Published on June 9th, 2015


The Criminal Justice System That Destroyed Kalief Browder


Elizabeth Nolan Brown linked to a piece at The New Yorker this morning about the suicide of Kalief Browder, 22, who spent three years at Rikers Island, often stuck in solitary confinement, without ever seeing a trial. The journalist, Jennifer Gonnerman, originally dove deep into Browder’s case back in October, and it’s worthy of a read.

The thing to understand about Browder, as is often the case when we hear about abuses within the criminal justice system, is that his situation is not as anomalous as some people think. Browder is not really an outlier, though his case may seem particularly outrageous. The New York City courts have a particularly bad reputation for not remotely having anything resembling speedy trials. From a report in 2013 from WNYC:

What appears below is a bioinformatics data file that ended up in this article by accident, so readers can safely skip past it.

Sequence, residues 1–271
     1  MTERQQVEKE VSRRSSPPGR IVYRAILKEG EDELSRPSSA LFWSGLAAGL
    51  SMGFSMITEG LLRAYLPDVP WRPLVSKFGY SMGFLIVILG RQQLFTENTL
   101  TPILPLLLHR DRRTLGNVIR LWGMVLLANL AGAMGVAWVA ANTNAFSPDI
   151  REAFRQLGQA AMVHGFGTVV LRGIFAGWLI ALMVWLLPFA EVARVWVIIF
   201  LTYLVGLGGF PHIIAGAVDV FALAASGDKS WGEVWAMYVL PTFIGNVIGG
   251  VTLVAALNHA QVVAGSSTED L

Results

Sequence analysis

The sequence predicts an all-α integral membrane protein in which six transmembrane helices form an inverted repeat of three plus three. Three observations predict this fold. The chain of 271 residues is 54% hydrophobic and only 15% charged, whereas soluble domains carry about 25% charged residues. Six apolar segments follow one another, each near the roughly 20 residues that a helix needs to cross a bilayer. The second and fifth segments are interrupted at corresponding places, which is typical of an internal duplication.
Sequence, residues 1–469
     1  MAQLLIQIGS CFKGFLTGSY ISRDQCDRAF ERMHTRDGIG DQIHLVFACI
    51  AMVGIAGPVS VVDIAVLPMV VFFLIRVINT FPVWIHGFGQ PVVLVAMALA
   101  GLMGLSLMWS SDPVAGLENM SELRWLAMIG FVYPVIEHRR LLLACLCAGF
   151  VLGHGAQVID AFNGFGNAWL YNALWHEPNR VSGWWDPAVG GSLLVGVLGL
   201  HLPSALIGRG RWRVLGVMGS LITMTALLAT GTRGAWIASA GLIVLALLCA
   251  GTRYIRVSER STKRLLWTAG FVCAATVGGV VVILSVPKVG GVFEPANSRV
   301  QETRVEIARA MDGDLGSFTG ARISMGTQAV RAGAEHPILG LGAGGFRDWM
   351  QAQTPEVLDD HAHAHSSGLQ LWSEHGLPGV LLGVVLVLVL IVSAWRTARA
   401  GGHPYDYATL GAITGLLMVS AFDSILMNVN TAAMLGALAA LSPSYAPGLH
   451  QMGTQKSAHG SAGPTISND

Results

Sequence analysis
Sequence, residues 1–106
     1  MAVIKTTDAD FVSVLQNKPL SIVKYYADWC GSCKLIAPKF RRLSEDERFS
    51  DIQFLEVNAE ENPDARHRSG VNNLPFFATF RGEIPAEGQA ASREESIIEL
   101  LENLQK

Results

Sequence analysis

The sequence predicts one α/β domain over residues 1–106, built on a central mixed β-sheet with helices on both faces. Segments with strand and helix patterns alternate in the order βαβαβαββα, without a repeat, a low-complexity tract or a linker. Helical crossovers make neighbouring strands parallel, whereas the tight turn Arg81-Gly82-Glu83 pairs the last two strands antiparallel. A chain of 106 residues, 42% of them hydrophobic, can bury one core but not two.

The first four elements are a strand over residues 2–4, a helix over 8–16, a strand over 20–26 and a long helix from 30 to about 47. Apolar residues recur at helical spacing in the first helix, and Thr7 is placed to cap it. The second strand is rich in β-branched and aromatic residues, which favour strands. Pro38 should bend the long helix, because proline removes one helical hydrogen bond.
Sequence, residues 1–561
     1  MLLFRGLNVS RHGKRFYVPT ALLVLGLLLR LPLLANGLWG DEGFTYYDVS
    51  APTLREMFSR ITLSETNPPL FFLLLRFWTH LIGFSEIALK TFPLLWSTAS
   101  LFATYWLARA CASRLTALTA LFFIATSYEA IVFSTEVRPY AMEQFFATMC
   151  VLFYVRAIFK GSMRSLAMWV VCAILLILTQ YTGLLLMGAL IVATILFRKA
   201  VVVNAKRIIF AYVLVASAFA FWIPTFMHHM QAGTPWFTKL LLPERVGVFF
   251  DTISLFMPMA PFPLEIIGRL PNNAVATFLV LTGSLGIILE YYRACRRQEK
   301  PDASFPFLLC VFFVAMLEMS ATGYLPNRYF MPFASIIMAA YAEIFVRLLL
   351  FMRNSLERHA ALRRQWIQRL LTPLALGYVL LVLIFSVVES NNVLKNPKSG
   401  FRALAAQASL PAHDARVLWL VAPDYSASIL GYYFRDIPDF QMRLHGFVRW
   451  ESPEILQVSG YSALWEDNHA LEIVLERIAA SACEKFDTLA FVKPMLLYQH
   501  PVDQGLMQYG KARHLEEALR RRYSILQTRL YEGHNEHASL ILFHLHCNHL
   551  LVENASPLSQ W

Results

Over the past decade, as New York City’s backlog of felony cases has grown, so too has the time defendants are spending behind bars before trial. The average pretrial detention in a felony case was 95 days in 2012 — up 25 percent from a decade earlier, despite a drop in new felony cases, according to a recent report from City University of New York researchers. And some defendants spend significantly longer behind bars. Of the people who spent time in jail during 2012, about 3,200 were behind bars for a year or more awaiting their day in court, according to city data.

The context for that reporting was for the case of Donavan Drayton, who was arrested and charged with murder and spent five years behind bars before getting his trial. He was acquitted.

Source: Reason Magazine. Read full article.

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